When I was on vacation in August, the weather was decidedly not too fabulous. You know that expression, “Everyone complains about the weather, but no one does anything about it.”…well, we all complained about the heat wave, so something was done about it–August was cold and wet. And to top it off, I was on vacation along with the rest of Paris. So what do you do when the weather stinks and you’re out in the countryside?


You visit the flea markets.
There’s lots of brocantes in France, but the best bargains are when you find a vide grenier, which literally means ‘empty attic’, and that’s what people do. While they hold them in Paris, the ones in the distant countryside, far from the scavenging Parisian antiquaires, are where you can get some good finds.


I like the pick through boxes of things, since they can yield unexpected treasures like old gratin dishes and terrines, but unfortunately, I’ve yet to come across any old Charo or Barry Manilow records. Have these people no taste?


Fotunately there are reassuring signs of the invasion of American pop culture, and this home-version of The Price Is Right caught my eye, but I eventually passed since “David Lebovitz…Come on down!” somehow sounds more fun than “Allez-y, Monsieur Lebovitz!”

Les brocanteurs (and brocanteuses?) here drive a very hard bargain and it’s tough negotiating…especially when they get a whiff of my American accent. So I try to be discreet and just hold up an object nonchalantly, trying not to smile. My rack of gleaming-white American teeth and upbeat enthusiasm are always a dead give-away. Sometimes I try to get my French dude to ask the price, but he always winds up talking to the seller for 20 minutes, and I just want to cut my losses and run, thinking I’m missing out on the elusive Saarinen table basse at the next stand that I’ve been searching for, or some really cool antique chocolate molds that I’ll buy in anticipation of using, but which will eventually get rusty sitting on the shelf, and I’ll eventually sell myself at a future vide grenier.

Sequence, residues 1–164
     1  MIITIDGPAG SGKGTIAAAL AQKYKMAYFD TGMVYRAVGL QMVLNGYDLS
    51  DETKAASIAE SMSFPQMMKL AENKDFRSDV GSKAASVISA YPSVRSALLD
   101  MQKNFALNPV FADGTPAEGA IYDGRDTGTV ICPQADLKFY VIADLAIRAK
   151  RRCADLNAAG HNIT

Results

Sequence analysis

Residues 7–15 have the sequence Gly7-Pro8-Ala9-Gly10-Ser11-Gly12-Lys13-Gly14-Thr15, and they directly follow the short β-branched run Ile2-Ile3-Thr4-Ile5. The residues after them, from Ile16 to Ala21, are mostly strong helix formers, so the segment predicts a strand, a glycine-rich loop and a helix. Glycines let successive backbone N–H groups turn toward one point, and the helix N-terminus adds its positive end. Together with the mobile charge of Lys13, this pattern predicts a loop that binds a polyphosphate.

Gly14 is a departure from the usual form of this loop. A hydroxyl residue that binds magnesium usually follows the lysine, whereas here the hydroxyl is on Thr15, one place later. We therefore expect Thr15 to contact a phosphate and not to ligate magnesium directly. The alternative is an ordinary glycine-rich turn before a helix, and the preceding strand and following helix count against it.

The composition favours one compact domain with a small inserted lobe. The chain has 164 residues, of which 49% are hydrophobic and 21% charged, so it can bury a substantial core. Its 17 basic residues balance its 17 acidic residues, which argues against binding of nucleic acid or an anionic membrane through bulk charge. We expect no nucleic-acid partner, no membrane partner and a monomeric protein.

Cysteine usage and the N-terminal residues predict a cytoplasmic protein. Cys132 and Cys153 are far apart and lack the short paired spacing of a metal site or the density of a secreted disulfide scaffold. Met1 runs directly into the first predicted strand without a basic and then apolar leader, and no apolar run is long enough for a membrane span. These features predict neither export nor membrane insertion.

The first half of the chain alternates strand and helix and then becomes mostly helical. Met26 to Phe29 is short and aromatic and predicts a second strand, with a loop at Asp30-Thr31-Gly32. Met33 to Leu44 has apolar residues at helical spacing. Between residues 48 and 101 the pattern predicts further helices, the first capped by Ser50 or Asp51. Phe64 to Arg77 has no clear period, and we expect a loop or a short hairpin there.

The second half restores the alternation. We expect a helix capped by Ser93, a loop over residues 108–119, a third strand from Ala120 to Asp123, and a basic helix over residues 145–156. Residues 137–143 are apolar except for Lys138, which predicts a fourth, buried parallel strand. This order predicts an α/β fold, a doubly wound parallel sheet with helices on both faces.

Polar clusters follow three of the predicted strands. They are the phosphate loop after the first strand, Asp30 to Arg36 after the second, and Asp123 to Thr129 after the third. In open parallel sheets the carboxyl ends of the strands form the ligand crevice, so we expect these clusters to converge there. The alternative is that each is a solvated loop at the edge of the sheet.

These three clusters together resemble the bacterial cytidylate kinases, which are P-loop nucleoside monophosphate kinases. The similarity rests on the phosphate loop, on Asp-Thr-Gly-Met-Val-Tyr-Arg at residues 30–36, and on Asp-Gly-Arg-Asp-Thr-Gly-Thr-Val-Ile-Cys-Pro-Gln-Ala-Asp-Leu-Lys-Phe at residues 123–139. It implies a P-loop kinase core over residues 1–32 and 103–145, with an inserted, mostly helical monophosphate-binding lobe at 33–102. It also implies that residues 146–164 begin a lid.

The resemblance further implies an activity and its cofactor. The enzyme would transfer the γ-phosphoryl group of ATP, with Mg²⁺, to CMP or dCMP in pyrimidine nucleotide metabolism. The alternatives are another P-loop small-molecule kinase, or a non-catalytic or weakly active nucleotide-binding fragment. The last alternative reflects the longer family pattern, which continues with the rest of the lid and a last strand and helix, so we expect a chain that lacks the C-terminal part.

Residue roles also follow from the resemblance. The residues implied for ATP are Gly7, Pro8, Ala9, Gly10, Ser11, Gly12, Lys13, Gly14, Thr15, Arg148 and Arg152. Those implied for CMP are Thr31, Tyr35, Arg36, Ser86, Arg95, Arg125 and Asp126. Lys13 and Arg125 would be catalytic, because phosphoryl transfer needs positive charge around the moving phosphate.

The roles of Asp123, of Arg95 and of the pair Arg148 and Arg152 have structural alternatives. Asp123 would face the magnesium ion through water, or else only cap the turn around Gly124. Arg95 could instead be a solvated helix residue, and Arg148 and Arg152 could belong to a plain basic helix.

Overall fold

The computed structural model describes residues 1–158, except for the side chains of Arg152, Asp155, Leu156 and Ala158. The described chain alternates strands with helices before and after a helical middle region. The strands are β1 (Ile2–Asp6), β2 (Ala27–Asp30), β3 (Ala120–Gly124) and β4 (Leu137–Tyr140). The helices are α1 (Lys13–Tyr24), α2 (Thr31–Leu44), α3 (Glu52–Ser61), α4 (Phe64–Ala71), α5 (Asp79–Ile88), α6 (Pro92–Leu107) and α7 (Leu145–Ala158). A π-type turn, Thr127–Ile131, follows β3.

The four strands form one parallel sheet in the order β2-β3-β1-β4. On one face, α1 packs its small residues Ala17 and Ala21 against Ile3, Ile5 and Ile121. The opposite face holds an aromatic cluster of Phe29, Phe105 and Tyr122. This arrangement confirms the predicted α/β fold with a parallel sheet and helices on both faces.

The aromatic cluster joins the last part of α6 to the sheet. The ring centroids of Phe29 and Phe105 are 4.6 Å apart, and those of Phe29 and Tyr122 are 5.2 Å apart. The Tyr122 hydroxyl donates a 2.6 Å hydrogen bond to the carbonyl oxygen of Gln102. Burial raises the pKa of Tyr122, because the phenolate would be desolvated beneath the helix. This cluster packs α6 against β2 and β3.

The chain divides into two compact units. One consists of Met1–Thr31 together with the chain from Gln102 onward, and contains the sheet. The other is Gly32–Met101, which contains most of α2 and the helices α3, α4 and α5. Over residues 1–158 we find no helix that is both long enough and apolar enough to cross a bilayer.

Curiously if you decide you don’t want something, each and every time you put it back down, the vendor will respond 100% of the time with, “C’est pas cher!”, or “It’s not expensive!” For some reason, it’s difficult for them to fathom the connection between the fact you’re not buying it with the fact that, yes, it is indeed trop cher.

Whenever I vacation in Brittany, I always end up eating way too many buckwheat galettes and crêpes, drinking too many bowls of cider, and eating way, way too many of those buttery Breton pastries (which I plan a round-up of in the near future.) Luckily there was only one sunny day that I had to don the ‘ol Speed-o (thank God…) for a dip in the Atlantic, but I did find a diet book to help me shed those unwanted kilos.


Aside from all the plastic children’s toys (a hazard of any vide grenier or tag sale), the most appealing things I found were these cartes scolaires, with depictions of of everyday scenarios in French life…


Here you can see the salt marshes where fleur de sel is harvested from the nearby Guérande…



..while this one shows the cooking tools used in the French kitchen…
…and if you need to know what a beauty salon is like…
…or a public pool.